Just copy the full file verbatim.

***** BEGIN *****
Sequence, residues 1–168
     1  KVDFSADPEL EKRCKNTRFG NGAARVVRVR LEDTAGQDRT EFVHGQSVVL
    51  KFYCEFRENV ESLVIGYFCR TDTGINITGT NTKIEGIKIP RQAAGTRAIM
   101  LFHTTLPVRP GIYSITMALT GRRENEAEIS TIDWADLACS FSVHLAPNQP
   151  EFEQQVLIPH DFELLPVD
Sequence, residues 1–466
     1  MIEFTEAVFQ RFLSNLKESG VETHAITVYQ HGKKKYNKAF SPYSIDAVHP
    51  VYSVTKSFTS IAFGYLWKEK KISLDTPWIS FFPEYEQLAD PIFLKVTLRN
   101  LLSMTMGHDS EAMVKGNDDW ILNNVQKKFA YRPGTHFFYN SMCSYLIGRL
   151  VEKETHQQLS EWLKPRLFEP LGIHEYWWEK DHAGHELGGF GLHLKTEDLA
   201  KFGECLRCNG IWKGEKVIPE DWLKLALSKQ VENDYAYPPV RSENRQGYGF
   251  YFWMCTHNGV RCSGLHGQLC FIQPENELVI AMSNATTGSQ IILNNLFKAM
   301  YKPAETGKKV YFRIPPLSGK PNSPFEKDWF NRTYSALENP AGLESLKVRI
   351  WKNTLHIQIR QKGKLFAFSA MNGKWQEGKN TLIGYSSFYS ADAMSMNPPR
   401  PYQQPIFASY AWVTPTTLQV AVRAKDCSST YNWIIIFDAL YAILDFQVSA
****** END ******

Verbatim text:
Sequence, residues 1–168
     1  KVDFSADPEL EKRCKNTRFG NGAARVVRVR LEDTAGQDRT EFVHGQSVVL
    51  KFYCEFRENV ESLVIGYFCR TDTGINITGT NTKIEGIKIP RQAAGTRAIM
   101  LFHTTLPVRP GIYSITMALT GRRENEAEIS TIDWADLACS FSVHLAPNQP
   151  EFEQQVLIPH DFELLPVD
Sequence, residues 1–466
     1  MIEFTEAVFQ RFLSNLKESG VETHAITVYQ HGKKKYNKAF SPYSIDAVHP
    51  VYSVTKSFTS IAFGYLWKEK KISLDTPWIS FFPEYEQLAD PIFLKVTLRN
   101  LLSMTMGHDS EAMVKGNDDW ILNNVQKKFA YRPGTHFFYN SMCSYLIGRL
   151  VEKETHQQLS EWLKPRLFEP LGIHEYWWEK DHAGHELGGF GLHLKTEDLA
   201  KFGECLRCNG IWKGEKVIPE DWLKLALSKQ VENDYAYPPV RSENRQGYGF
   251  YFWMCTHNGV RCSGLHGQLC FIQPENELVI AMSNATTGSQ IILNNLFKAM
   301  YKPAETGKKV YFRIPPLSGK PNSPFEKDWF NRTYSALENP AGLESLKVRI
   351  WKNTLHIQIR QKGKLFAFSA MNGKWQEGKN TLIGYSSFYS ADAMSMNPPR
   401  PYQQPIFASY AWVTPTTLQV AVRAKDCSST YNWIIIFDAL YAILDFQVSA